'Israeli-Palestinian Violence Could Resume if Peace Talks Run Aground'

IDF Chief tells Knesset panel that while he does not expect cycle of violence as severe as the second Intifada, tensions are high on both Palestinian and Israeli sides.

Israel Defense Forces Chief of Staff Gabi Ashkenazi warned Tuesday that violent clashes could resume between Israelis and Palestinians, should ongoing peace negotiations between Israel and the Palestinian Authority run aground.

The IDF chief told the Knesset Foreign Affairs and Defense Committee that he did not expect a cycle of violence as severe as the one that began the second Intifada in 2000, but said that sufficient preparation was needed in any event.

File photo of then IDF Chief of Staff Gabi Ashkenazi, Sept. 5, 2010.
Alon Ron

"We must be prepared for every possibility," Ashkenazi told the lawmakers. "The Palestinians have very sober expectations regarding progress, whereas in Israel, tensions exist among the Jewish population and the aspiration to end the construction freeze in settlements."

Among the Palestinians there are "groups under Iranian influence who will try to thwart the negotiations and grab attention," added the IDF chief. "The IDF reserves the right to operate fully in Judea and Samaria [the West Bank]. As far as we our concerned, there is no Area A and we cannot rely on the Palestinian security forces with this regard."

The IDF chief made his remarks a day after Prime Minister Benjamin
Netanyahu said that Israel would want to keep its troops on the eastern border of a future Palestinian state, telling American Jewish leaders that an international force alone could not ensure Israel's security.

Palestinians reject the idea and have proposed deploying international force along the border between the West Bank and Jordan, as part of a peace settlement.

Netanyahu told U.S. Jewish leaders in a conference call on Monday that the only force that can be relied on to defend the Jewish people is the Israel Defense Forces.

“I don’t believe that under these circumstances international troops will do the job,” Netanyahu said, according to the transcript posted on his office’s Web site. “We live in a very tough neighborhood and the peace will be tested constantly."

Netanyahu fears Palestinian militants will attack Israel from within a Palestinian state if IDF troops are withdrawn from the West Bank-Jordan border.

Palestinian President Mahmoud Abbas maintains that an Israeli troop presence would infringe upon Palestinian sovereignty.

The Palestinian Authority and Israel are currently engaging in direct negotiations, after nearly two years of stalled face-to-face talks.

While both have agreed that the establishment of a Palestinian state is a main goal of the talks, they are at odds over Israel decision not to extend its temporary construction freeze in West Bank settlements after it expires next week.

U.S. concerned talks will collapse over settlement row

The United States is concerned that the negotiations between Israel and the Palestinians could collapse in the coming days over the dead end in the talks on the settlement building freeze.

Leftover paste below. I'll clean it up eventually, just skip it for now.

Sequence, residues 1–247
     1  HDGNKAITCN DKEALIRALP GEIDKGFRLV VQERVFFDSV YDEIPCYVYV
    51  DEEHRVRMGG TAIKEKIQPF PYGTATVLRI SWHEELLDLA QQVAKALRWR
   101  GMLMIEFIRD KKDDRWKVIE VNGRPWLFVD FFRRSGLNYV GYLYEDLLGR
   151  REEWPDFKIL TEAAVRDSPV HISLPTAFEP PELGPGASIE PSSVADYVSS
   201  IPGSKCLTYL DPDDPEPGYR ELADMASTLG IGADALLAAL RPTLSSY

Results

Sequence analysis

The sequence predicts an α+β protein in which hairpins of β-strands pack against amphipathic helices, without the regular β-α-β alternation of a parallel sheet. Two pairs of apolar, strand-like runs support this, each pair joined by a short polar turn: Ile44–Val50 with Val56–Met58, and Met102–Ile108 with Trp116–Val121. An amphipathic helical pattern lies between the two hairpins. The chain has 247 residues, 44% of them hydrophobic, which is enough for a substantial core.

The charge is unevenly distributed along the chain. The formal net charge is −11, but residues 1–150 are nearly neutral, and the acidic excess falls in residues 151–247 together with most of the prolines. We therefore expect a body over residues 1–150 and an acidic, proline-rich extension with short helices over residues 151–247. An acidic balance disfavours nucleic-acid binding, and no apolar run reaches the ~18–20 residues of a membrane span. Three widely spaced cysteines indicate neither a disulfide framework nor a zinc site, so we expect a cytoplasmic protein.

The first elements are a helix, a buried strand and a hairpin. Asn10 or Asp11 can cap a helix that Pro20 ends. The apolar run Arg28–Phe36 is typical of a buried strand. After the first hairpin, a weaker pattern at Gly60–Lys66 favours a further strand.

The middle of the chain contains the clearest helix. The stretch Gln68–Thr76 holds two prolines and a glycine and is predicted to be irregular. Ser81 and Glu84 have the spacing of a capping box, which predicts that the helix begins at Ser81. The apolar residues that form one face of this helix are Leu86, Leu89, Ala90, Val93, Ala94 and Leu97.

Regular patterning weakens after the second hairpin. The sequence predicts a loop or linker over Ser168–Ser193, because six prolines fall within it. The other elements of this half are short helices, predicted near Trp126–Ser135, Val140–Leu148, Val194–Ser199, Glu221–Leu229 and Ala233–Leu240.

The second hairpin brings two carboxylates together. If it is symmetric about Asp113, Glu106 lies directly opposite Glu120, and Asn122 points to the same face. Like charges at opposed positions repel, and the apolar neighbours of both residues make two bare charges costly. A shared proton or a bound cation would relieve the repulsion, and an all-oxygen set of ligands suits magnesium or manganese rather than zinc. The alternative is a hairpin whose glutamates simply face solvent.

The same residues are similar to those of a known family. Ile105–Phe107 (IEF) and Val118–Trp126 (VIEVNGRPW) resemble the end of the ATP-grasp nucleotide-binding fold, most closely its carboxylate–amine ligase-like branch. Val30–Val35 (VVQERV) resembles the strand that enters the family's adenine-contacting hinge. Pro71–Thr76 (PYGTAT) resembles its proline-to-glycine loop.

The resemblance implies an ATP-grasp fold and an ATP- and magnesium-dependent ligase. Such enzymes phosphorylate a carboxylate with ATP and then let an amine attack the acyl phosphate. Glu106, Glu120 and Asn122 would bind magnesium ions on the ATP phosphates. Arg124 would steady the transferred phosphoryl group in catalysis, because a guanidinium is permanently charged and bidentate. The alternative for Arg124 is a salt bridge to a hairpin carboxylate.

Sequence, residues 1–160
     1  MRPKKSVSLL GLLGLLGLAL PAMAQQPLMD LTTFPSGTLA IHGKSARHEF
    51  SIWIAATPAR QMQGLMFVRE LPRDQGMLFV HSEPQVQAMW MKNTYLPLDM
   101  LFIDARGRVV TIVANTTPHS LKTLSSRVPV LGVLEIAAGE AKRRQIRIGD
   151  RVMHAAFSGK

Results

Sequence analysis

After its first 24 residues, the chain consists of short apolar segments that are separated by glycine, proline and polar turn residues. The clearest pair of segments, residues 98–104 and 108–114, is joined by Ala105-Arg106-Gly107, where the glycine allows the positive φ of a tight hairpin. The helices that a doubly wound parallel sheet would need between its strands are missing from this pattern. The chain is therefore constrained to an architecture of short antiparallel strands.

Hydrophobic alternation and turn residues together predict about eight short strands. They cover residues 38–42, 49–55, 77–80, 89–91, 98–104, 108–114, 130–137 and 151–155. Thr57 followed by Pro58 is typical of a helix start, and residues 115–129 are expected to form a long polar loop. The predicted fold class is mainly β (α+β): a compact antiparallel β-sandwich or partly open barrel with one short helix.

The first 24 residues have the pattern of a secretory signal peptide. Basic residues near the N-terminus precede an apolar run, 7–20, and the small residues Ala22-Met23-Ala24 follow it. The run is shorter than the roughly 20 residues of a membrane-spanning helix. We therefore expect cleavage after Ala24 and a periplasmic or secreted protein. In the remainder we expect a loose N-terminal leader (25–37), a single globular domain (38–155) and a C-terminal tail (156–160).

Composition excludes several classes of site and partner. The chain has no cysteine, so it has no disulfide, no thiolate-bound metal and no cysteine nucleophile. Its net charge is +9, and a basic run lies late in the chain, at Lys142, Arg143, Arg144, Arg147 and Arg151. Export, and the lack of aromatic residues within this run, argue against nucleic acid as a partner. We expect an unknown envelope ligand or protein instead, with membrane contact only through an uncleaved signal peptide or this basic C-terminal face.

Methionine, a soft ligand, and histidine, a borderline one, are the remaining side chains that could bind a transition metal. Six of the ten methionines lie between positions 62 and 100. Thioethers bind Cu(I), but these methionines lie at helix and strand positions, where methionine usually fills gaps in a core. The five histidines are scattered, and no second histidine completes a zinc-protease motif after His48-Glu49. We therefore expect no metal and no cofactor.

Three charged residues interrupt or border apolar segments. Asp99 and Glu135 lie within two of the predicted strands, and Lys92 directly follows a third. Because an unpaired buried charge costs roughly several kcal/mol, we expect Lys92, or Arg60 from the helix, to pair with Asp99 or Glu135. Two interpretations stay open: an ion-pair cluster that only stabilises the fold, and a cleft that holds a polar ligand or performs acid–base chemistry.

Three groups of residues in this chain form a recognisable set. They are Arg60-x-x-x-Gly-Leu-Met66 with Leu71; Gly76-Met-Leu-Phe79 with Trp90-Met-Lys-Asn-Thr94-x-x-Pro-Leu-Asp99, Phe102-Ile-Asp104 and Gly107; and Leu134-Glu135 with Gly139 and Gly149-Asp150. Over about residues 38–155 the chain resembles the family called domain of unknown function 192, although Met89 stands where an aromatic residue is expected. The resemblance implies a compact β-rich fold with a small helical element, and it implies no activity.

America's ambassador to Israel, James Cunningham, on Monday told European Union envoys in a briefing that the Obama administration's worry stems from the fact that both sides are holding steadfast to their positions.

European diplomats say Cunningham stressed during the briefing there is still no solution to the deadlock. The U.S. ambassador added that the Obama administration was pressuring both Israel and the Palestinians to reach an agreement on the issue.

Cunningham also reportedly said there are a number of ideas for a resolution that the U.S. has not put forth as a mediating solution.

"We will offer a bridging proposal only if the two sides ask for it, and that has still not happened," the U.S. ambassador told his European colleagues. "We are very concerned that there is not much time left for finding a solution."

Cunningham said that because of the lack of clarity as to the deadline of the settlement construction hiatus, American legal experts examined the matter with Israel and concluded the freeze ends at midnight September 25.

Several European diplomats said the American ambassador stressed that without a resolution on this issue, there will be no way to progress in the negotiations.

The American ambassador expressed the U.S. administration's genuine concern "the negotiations will not survive the weekend," said a European diplomat present at the briefing.

Another European diplomat, however, said after the briefing that the American ambassador was not particularly pessimistic, but "merely described the situation as it is." Efforts continued yesterday in Washington and New York to sidestep a crisis in the talks. President Shimon Peres met with Palestinian Authority President Mahmoud Abbas in New York and asked him not to leave the talks because of an end to the halt in construction.

"You cannot demand from Netanyahu things he cannot do for political reasons," Peres told Abbas. "It is possible to find a creative way of preventing the expansion of construction. The negotiations are more important than this or that home, and this should not bring the talks down."